SLE typically develops in people in their 20s and 30s, and it develops 10 times more often in women than in men. It is more common in certain ethnic groups, particularly among African Americans and Asians, who also tend to be more severely affected.
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Explore This IssueDecember 2008
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The immune system normally protects the body by producing antibodies that attack foreign germs and cancers. With SLE, the immune system misfires. Instead of producing protective antibodies, the autoimmune disorder begins manufacturing “auto-antibodies” that attack the patient’s own tissues. This leads to inflammation and blood vessel abnormalities (vasculitis). These antibodies then end up in the immune system of cells in organs where they cause tissue damage. Why this inflammatory reaction begins is not known, but according to patient–fact sheet writers Ellen Ginzler, MD, and Jean Tayar, MD, “It is probably the result of a combination of inherited tendencies and environmental factors, such as viruses, the ultraviolet rays in sunlight, Silica dust, and allergies to medications.”
Diagnosis of SLE is difficult due to the gradual development of the symptoms. Suspected cases must be confirmed by a series of blood tests. More specific tests, such as the anti–double-strand DNA and anti-Smith antibodies, confirm the diagnosis of SLE. Levels of certain complement proteins (a part of the immune system) in the blood are also measured to help diagnose and track the disease. Physicians frequently use the 1997 update of the 1982 Revised Criteria for Classification of Systemic Lupus Erythematosus to aid them in considering whether a patient with symptoms may have SLE. “Although this table was originally designed for clinical research studies, it can be helpful when considering an individual patient as well,” say Drs. Ginzler and Tayar.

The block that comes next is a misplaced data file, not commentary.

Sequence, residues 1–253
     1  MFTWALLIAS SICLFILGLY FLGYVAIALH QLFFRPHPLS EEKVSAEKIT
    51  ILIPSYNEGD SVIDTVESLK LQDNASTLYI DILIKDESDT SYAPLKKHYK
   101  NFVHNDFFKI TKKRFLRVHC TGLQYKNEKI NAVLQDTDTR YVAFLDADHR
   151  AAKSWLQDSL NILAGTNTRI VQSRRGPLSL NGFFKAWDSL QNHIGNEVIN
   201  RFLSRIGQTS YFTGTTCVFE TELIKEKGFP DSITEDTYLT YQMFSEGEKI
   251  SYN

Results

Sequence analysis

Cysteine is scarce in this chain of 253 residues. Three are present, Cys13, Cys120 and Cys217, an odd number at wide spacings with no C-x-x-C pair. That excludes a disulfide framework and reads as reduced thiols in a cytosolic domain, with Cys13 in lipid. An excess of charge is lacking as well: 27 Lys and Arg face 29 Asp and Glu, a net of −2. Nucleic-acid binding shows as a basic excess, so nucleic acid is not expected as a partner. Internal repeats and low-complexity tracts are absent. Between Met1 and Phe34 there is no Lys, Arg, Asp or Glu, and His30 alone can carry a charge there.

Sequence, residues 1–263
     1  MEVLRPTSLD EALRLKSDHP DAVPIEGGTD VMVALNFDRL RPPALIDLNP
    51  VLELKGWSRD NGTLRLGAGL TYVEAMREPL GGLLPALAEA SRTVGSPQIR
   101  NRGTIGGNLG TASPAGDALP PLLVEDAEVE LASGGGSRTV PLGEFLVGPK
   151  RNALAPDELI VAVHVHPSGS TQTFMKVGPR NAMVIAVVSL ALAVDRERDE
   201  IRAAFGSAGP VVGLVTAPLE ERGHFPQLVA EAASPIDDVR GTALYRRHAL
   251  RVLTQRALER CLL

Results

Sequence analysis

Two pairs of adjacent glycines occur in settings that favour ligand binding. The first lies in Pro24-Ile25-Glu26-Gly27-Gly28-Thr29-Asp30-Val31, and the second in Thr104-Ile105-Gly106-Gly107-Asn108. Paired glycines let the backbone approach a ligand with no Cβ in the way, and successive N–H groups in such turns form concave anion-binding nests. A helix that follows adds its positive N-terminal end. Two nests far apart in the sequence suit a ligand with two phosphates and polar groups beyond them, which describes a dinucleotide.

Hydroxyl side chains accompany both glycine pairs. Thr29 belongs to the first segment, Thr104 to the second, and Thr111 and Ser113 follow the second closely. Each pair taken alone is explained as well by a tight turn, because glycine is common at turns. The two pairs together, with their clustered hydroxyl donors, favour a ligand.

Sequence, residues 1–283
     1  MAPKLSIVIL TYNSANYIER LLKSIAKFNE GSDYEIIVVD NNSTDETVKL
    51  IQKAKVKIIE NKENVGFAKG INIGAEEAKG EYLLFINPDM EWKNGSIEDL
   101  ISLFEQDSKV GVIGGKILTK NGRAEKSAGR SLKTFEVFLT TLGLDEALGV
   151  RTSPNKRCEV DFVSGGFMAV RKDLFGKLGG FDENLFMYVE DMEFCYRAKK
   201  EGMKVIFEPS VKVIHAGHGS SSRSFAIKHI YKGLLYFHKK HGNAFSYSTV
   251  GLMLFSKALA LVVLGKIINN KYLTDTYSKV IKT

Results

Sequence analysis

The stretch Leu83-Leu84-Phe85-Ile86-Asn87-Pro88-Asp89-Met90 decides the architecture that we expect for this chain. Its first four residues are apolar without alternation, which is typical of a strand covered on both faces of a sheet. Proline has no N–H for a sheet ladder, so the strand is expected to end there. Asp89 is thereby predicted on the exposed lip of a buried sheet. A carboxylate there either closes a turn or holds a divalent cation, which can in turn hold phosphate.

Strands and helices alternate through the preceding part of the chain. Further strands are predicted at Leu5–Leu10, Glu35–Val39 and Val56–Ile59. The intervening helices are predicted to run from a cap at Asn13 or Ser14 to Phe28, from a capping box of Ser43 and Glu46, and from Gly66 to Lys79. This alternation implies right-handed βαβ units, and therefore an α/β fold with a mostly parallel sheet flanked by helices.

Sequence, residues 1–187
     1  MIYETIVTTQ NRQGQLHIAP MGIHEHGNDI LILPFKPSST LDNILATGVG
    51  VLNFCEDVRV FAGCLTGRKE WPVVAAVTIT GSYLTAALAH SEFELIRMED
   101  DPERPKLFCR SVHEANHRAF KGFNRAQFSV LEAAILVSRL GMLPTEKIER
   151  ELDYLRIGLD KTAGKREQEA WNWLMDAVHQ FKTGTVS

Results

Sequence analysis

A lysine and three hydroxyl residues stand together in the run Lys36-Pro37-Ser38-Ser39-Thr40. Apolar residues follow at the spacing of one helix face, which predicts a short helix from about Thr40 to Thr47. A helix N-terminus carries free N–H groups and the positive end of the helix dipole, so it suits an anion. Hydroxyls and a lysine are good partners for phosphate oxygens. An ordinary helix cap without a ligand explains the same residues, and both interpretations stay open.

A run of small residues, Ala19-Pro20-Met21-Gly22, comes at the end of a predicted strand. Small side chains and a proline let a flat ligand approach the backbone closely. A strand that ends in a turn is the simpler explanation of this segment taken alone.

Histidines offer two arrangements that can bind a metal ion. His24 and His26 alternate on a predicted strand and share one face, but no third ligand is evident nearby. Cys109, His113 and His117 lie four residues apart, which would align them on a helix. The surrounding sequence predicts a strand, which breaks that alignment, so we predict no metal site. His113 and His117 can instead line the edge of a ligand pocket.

There is no cure for SLE, and its management can be a challenge. However, in the past several years, treatment has improved considerably, and recent medical developments have proven effective. Treatment decisions are based on symptoms and the severity of those symptoms. Patients with muscle or joint pain, fatigue, skin abnormalities (such as rashes), and other responses that are not life threatening can be treated conservatively. Those with serious and life-threatening problems—such as kidney inflammation, lung or heart involvement, and central nervous system symptoms—need more aggressive therapy. Treatment depends on an individual assessment of risks and benefits. Most immunosuppressive medications, for instance, may cause significant side effects, such as increased risk of infections, nausea, vomiting, hair loss, diarrhea, high blood pressure, and osteoporosis. Rheumatologists may reduce or discontinue a medication after the disease goes into remission for a period of time.